May 27, 2007
featuring Clint Bolick
featuring Bruce Fein
With the Memorial Day weekend here, Congress appears determined to leave no bad idea behind in their frantic quest to demonstrate that they feel the voters' pain over high gasoline prices. On May 22, they voted to allow the federal government to sue OPEC for violations of America's anti-trust laws. On the 23rd, they voted to ban service stations from taking "unfair advantage" of motorists and outlawed "unconscionably excessive" prices for gasoline and other fuels were the president to declare an energy emergency. As the summer driving season begins, Cato is pleased to offer some realistic assessments of gas prices and recent Congressional overreaction.
On May 24, Cato scholar Chris Edwards testified before the Senate Committee on Finance on energy efficiency and the federal tax code. Edwards argues that while additional tax incentives probably could reduce U.S. energy consumption modestly, narrow incentives complicate the tax code, create distortions that reduce growth, and move down the slippery slope of widespread social engineering through the tax system. "On the other hand," says Edwards, "Congress should reform tax provisions that hinder new investments in energy production and conservation. Current business depreciation rules for energy and conservation investments are unfavorable compared to the rules in other countries."
Federal spending on state aid is the third largest item in the budget, behind entitlement and defense expenditures, totaling $449 billion in fiscal 2007. The number of federal aid programs has doubled over the past 20 years, but politicians have made no meaningful effort to trim the excesses since the Reagan years. In "Federal Aid to the States: Historical Cause of Government Growth and Bureaucracy," Cato scholar Chris Edwards examines how federal aid programs harm federalism, weaken accountability, and cause wasteful and ineffective spending. "The federal aid system is not about financing and operating programs in the most efficient manner, it is about politics," Edwards concludes.
The federal government has drilled deep into almost every public classroom in America. Washington can now tell public schools whether their teachers are qualified, their reading instruction acceptable, and what they must do when their students do not achieve on par with federal demands. In Feds In The Classroom: How Big Government Corrupts, Cripples, and Compromises American Education, Cato scholar Neal McCluskey challenges much of the conventional wisdom surrounding federal involvement in education. McCluskey considers all federal activities—legislation, funding, regulations, and judicial oversight—and then makes a cost-benefit and constitutional assessment.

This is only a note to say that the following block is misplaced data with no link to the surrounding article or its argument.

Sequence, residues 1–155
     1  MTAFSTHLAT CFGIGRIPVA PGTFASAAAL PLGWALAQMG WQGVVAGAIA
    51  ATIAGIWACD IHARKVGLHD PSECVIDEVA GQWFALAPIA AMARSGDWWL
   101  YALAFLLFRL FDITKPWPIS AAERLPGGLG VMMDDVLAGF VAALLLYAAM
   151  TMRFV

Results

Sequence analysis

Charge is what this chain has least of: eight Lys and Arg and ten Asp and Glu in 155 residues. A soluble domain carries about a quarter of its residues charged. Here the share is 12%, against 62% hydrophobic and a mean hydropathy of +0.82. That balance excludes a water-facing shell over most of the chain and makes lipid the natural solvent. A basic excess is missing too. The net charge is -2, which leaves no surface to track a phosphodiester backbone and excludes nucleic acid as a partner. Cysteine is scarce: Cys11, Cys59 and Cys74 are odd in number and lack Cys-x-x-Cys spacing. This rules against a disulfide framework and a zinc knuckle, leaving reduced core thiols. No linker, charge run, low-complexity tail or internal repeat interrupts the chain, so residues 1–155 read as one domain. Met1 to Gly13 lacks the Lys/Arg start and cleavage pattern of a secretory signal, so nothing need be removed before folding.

2007 marks the Cato Institute's 30th anniversary. To commemorate our three decades of pioneering work we have assembled a succinct look back – in words, pictures and videos – of where we and our country have been. And we renew our dedication to the dignity of the individual, which is the heart of our work. At this milestone we want to especially express our ongoing gratitude to all those who support us and share our steadfast commitment to the traditional American values of individual liberty, free markets, limited government and peace.
May 30, 2007, Cato Book Forum, 12:00 pm
The Age of Abundance: How Prosperity Transformed America's Politics and Culture
"Here is one of the freshest and most thought-provoking books on recent American history to appear in years."
-Adrian Wooldridge, coauthor of The Right Nation: Conservative Power in America
"Provocative, illuminating, sharp, and fact filled... you'll learn a ton."
-Cass R. Sunstein, University of Chicago
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